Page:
Ron Paul on Welfare & Poverty
Republican Representative (TX-14); previously Libertarian for President
PAUL: Entitlements are not rights. Rights mean you have a right to your life and you have a right to your liberty. I, in a way, don't like to use terms [like] gay rights, women's rights, minority rights, religious rights. There's only one type of right, it's your right to your liberty. It's caused divisiveness when we see people in groups because, for too long, we punished groups, so the answer then was let's relieve them by giving them affirmative action. I think both are wrong. If you think in terms of individuals and protect every single individual, no, they're not entitled. One group isn't entitled to take something from somebody else. There's a lot of good intention to help poor people. But guess who gets the entitlements in Washington? The big guys get them, the rich people. They run the entitlement system, the military industrial complex, the banking system.
A: Well, in a society that you accept welfarism, he expects the government to take care of him. But what he should do is whatever he wants to do, and assume responsibility for himself. My advice to him would have a major medical policy.
Q: But if he doesn't have that, and he needs intensive care?
A: That's what freedom is all about, taking your own risks.
Q: Are you saying that society should just let him die?
A: No. I practiced medicine before we had Medicaid. In the early 1960s, the churches took care of them. We never turned anybody away from the hospitals. We've given up on this whole concept that we might take care of ourselves and assume responsibility for ourselves. Our neighbors, our friends, our churches would do it. The cost is so high because they dump it on the government, it becomes a bureaucracy.
PAUL: Well, I'm sure, when he did that, he did it with local government, and there's no rules against that. That'd be fine. But that doesn't imply that you want to endorse the entire welfare state. No; it isn't authorized in the Constitution for us to run a welfare state. And it doesn't work. All it's filled up with is mandates. But, yes, if there are poor people in Texas, we have a responsibility--I'd like to see it as voluntary as possible--but under our Constitution, our states have that right--if they feel the obligation, they have a perfect right to. This whole idea that there's something wrong with people who don't lavish out free stuff from the federal government somehow aren't compassionate enough. I resist those accusations.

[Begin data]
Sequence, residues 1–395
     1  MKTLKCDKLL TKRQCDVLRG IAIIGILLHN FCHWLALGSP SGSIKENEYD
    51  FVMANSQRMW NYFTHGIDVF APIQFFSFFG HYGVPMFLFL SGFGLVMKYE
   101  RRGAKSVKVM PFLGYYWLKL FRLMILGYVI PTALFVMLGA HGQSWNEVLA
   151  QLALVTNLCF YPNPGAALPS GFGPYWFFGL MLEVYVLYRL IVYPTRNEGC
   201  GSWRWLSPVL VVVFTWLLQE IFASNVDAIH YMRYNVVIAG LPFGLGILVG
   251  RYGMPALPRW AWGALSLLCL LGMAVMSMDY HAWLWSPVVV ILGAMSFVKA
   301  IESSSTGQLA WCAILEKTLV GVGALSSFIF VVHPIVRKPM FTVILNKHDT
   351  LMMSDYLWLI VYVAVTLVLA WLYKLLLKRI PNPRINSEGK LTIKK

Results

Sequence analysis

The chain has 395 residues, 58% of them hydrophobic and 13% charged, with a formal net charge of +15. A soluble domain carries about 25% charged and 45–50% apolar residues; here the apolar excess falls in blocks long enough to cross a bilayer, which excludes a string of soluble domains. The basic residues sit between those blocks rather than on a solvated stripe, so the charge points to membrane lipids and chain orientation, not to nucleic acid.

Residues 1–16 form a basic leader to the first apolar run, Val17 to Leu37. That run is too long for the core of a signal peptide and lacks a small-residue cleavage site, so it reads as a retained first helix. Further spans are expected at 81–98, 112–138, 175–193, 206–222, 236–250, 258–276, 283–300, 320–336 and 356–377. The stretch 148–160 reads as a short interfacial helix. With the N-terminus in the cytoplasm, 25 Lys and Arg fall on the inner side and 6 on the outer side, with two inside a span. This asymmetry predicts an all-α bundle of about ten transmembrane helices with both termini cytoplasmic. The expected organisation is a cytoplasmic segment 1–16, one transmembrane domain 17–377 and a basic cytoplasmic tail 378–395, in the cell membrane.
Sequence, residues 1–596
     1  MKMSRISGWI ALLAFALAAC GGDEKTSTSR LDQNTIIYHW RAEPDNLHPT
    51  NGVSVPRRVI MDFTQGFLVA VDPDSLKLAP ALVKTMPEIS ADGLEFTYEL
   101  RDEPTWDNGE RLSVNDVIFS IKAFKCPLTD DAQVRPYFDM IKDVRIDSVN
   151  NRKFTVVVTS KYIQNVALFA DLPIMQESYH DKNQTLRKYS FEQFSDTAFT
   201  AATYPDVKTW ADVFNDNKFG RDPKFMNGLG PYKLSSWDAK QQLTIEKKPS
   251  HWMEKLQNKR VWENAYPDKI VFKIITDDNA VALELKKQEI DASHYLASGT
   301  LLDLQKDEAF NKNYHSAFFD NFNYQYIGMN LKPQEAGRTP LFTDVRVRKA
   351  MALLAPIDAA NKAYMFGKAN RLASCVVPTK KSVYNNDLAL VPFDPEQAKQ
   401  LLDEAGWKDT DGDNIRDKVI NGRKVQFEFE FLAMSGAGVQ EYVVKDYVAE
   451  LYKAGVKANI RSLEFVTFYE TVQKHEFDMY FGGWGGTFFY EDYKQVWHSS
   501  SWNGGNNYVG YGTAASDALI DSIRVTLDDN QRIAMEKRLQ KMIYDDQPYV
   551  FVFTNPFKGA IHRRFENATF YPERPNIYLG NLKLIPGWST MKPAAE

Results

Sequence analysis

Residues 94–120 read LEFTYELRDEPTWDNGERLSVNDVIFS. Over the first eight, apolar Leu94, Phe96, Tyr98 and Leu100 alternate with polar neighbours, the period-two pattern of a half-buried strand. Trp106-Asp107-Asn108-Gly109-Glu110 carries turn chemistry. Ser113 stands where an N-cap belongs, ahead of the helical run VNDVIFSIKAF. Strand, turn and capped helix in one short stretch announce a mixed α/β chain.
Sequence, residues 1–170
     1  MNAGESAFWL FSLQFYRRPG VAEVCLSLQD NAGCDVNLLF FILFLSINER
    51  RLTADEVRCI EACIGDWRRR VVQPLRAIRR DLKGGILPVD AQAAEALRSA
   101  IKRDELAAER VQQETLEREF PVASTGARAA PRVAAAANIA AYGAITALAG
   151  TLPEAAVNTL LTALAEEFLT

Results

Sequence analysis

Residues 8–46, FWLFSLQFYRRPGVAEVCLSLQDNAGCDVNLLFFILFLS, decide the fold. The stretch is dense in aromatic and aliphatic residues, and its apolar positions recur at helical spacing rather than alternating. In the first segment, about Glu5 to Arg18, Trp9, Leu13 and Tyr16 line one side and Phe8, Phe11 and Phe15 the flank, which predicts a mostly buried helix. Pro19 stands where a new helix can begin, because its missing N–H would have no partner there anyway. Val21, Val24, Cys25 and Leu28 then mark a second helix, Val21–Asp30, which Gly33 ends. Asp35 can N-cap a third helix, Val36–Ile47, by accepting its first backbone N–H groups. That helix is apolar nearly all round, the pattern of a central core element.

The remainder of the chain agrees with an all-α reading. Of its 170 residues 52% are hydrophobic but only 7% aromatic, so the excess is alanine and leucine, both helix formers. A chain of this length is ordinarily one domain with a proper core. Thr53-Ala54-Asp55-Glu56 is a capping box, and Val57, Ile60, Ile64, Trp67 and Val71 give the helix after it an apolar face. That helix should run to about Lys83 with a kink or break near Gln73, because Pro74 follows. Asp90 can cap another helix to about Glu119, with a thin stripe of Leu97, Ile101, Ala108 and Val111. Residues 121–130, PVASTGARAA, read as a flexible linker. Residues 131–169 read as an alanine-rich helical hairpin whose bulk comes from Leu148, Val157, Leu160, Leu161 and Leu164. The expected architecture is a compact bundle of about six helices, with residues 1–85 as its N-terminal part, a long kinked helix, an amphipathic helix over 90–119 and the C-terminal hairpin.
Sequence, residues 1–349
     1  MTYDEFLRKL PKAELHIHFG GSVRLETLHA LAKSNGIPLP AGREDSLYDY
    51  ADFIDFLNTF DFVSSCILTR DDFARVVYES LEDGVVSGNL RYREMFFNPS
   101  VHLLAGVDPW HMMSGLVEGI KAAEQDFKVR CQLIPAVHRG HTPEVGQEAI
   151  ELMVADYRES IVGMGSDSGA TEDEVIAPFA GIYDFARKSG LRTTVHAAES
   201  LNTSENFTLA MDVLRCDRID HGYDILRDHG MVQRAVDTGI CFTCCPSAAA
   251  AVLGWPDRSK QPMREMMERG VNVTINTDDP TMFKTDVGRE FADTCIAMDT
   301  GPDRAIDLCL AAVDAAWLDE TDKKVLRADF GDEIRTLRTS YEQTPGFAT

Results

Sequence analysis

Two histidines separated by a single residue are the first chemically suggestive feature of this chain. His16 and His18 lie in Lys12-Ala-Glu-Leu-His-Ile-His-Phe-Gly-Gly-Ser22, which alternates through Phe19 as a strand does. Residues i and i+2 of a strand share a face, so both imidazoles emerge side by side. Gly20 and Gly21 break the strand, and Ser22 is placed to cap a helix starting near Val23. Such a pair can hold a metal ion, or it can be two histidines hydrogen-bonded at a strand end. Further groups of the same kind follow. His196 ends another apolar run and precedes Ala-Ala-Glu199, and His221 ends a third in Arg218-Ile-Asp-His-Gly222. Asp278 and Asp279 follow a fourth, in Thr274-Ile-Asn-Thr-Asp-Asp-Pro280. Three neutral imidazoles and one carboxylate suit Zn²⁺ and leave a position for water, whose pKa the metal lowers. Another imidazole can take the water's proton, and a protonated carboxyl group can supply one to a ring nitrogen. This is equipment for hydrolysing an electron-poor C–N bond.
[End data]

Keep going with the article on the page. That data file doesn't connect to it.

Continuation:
Anything that is seen as protection against risk causes people to act with less caution. Even if their actions may seem risky, someone else suffers the consequences, and moral hazard will encourage bad economic behavior.
Moral hazard, from whatever source, is detrimental because it removes the sense of responsibility for one's own actions. Interventionism conditions business people to believe they can enjoy the rewards of the market, yet pass on the penalties to others. That's what's happening today.
Although I'm talking here about financial moral hazard, the whole notion of the safety net permeates a socialist or welfare state, encouraging carelessness and dependency on the government.
Proponent's argument to vote Yes:Sen. BARBARA MIKULSKI (D, MD): [In developing national service over many years] we were not in the business of creating another new social program. What we were in the business of was creating a new social invention. What do I mean by that? In our country, we are known for our technological inventions. But also often overlooked, and sometimes undervalued, is our social inventions.
We created national service to let young people find opportunity to be of service and also to make an important contribution. But not all was rosy. In 2003, when I was the ranking member on the appropriations subcommittee funding national service, they created a debacle. One of their most colossal errors was that they enrolled over 20,000 volunteers and could not afford to pay for it. That is how sloppy they were in their accounting. I called them the "Enron of nonprofits."
And they worked on it. But all that is history. We are going to expand AmeriCorps activity into specialized corps. One, an education corps; another, a health futures corps; another, a veterans corps; and another called opportunity corps. These are not outside of AmeriCorps. They will be subsets because we find this is where compelling human need is and at the same time offers great opportunity for volunteers to do it.
Opponent's argument to vote No:No senators spoke against the amendment.
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